If you agree with Lord Trimble and the others in the pro Agreement unionist camp in 1998 and thereafter that the core basis upon which pro Agreement unionism is based is the principle of consent; and you also agree that the applicants in Allister et al (including Steve Aiken and, prior to his death, Lord Trimble) are right that the Protocol has exposed the principle of consent as a “deceptive snare”; then upon what basis can you credibly continue to extol the virtues of an Agreement, which is based upon that fundamental deception?
That is a question Doug Beattie seemingly can’t bring himself to answer. I suspect that is because if he did answer it with any intellectual honesty, it would lead to the logical conclusion that no self-respecting unionist could continue to champion the Belfast Agreement.
However, Mr Beattie has been clear that he would never collapse the institutions of the Belfast Agreement. This is despite it being made crystal clear by Justice Colton in Rooney and JR181 (3) that the price of being in the Executive was a legal obligation to implement the Protocol, and thus the subjugation of the Union.
Is there any price too high for the UUP to pay in order to preserve the institutions? What about all-Ireland policing, or law-making from Dublin: would the UUP still cling to the institutions?
And if they do have a line they would not cross, what is it?
How far would be too far for the UUP?
Again, Mr Beattie appears unable to grapple with this point. He demands unionism return to the Executive (dismissing those who have taken a principled stand as “whining like little girls”) but is unable to follow his own position to its logical conclusion and admit that his position is that he would implement the Protocol.
We have heard some muddled suggestions from the UUP that there could be talks to resolve the Protocol “in parallel” to restoring the Executive. They have not however said whether they would put a time-limit on these talks, and if there was no satisfactory outcome which restores NI’s place in the Union, whether they would at that point collapse the Executive.
If they say there would be a time-limit, then how long would it be?
If they say if there was no resolution by the end of that time-limit, they would then withdraw from the Executive, then surely their opposition to the DUP’s withdrawal is exposed as being purely an effort to distinguish themselves (for political gain) from the rest of unionism?
If they say they would never collapse the Executive, then negotiations or an unsatisfactory outcome could continue forever, and the UUP would continue to implement and embed the subjugation of the Union.
It should be remembered that in 2015 the UUP (correctly) under the leadership of Mike Nesbitt walked out of the Executive over the IRA’s murder of two men, and Sinn Fein’s continued links to that terrorist organisation. Why was it legitimate to walk out of Government for that purpose, but it is illegitimate to walk out over unionists being expected to implement the subjugation of the Union?
In recent weeks we also heard from Mr Beattie, and swiftly thereafter Mr Nesbitt, as to how the Protocol wasn’t a constitutional threat (but Mr Beattie then u-turned and said it was, but only in the future). The Protocol has already led to the subjugation of the Act of Union, and Northern Ireland being treated as the entry point into (and thus part of) EU territory. The rest of the United Kingdom is, as a matter of law, treated as a foreign country.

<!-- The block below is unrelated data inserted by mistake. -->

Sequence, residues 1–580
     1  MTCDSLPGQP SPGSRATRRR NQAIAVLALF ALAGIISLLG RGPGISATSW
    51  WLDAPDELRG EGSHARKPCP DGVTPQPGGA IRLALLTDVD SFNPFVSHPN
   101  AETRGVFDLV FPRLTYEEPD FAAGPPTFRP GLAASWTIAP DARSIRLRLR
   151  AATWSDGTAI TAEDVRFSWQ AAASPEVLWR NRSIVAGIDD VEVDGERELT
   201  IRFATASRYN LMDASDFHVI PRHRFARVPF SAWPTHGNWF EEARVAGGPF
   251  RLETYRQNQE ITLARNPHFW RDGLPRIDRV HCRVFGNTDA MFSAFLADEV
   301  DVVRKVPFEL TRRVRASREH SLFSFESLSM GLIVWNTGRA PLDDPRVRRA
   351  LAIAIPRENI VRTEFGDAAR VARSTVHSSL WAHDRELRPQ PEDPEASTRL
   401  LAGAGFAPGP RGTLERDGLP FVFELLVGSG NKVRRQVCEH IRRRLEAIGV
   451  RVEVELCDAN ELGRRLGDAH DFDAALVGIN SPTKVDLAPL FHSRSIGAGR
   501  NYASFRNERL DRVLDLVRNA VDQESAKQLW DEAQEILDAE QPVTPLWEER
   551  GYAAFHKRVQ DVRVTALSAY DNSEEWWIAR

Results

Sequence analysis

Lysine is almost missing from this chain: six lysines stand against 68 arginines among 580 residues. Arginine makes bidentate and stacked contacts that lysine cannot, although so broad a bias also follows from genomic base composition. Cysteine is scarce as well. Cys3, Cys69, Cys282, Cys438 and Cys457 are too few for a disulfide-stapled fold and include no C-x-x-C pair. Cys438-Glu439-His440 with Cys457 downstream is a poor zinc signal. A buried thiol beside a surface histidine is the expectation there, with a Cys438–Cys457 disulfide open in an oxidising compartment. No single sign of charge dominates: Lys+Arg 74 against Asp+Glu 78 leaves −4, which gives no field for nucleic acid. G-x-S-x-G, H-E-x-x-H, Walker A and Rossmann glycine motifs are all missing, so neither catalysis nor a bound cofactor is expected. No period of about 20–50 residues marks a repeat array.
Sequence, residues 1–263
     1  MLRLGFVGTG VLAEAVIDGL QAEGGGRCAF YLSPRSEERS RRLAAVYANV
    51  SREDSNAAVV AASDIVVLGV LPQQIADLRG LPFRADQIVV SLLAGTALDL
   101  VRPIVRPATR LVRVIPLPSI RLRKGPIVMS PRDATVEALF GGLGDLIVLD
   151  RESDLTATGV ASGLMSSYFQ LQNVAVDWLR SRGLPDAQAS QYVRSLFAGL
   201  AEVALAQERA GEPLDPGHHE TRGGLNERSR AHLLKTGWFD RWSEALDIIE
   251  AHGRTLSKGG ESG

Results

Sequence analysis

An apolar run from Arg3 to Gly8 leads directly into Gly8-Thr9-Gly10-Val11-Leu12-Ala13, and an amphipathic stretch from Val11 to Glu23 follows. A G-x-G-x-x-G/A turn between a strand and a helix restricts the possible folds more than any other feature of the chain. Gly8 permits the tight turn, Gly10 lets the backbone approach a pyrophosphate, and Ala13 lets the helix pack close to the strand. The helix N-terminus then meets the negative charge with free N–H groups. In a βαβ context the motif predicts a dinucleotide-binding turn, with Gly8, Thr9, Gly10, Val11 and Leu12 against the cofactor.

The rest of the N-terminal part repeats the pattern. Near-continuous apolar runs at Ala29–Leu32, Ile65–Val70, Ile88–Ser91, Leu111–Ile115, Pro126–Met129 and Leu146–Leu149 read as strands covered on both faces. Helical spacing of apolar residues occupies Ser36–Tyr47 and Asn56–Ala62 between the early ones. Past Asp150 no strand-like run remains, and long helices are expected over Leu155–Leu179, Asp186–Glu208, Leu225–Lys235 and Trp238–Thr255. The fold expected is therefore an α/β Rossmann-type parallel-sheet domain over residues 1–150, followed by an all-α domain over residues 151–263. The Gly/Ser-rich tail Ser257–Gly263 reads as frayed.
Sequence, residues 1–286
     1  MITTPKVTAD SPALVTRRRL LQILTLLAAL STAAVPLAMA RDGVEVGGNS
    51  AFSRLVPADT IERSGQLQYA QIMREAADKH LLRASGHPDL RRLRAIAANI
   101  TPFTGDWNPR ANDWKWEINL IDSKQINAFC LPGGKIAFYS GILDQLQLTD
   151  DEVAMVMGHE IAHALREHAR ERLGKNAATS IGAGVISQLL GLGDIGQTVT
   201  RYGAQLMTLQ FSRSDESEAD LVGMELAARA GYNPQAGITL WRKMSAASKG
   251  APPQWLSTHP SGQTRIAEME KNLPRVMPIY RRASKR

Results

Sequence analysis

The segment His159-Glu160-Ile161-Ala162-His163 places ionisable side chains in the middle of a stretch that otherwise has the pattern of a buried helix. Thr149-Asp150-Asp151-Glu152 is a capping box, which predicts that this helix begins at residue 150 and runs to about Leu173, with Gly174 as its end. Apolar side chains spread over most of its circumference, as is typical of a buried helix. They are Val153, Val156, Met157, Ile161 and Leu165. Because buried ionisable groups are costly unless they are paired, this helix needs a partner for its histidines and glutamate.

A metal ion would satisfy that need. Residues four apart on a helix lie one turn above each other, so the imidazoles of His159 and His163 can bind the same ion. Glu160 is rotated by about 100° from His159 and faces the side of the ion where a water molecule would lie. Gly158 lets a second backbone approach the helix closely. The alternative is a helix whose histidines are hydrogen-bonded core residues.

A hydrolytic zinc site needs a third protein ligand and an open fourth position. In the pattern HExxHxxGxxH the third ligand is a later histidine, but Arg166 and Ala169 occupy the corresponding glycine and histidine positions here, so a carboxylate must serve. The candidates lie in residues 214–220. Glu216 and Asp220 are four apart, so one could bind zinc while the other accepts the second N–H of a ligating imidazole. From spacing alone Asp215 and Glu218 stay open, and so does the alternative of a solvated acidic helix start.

Mr Justice Colton has ruled that due to the Protocol “the UK is no longer a unitary state”.
Despite all this, Mr Beattie still appears somewhat muddled and unsure as to the constitutional impact of the Protocol. This follows his April 2022 contribution in which he made clear on Nolan that the Act of Union (described by Lord Trimble as the Union) was not a red line.
I hope Mr Beattie will actually direct his mind to (finally) engaging with the merits of the points which have been raised. Thus far, his engagement with the issues has amounted to jibes, cliches, buzzwords and slogans. At no point has he displayed a capacity to tackle the argument made against his position.
In order to distil matters clearly and succinctly; in this article I have advanced the following propositions. I invite Doug Beattie to dismantle them and demonstrate why it is his vision for unionism which should prevail:
 The principle of consent is a deceptive snare because it does not do what pro Agreement unionism were led to believe (and in turn led the unionist electorate to believe) it did. Put simply, it does not protect the substance of NI’s place in the Union, but merely directs itself to the severing of the last tie of sovereignty. That being so, the fundamental basis for pro Agreement unionism has been exposed as a fraud, and therefore no self-respecting unionist can continue to support that Agreement.
 Lord Trimble was correct to say that “the Act of Union is the Union”, and accordingly the subjugation of the Act of Union amounts to fundamental constitutional change. This constitutional damage is not a theoretical future prospect, but has already been inflicted by the Protocol. The restoration of the Act of Union must be a fundamental red line for every unionist.
 No self-respecting unionist can serve in an Executive- for any amount of time- which obliges its Ministers to implement the subjugation of the Union.
I look forward to Mr Beattie grappling with the above propositions, and explaining why they are incorrect and/or without merit.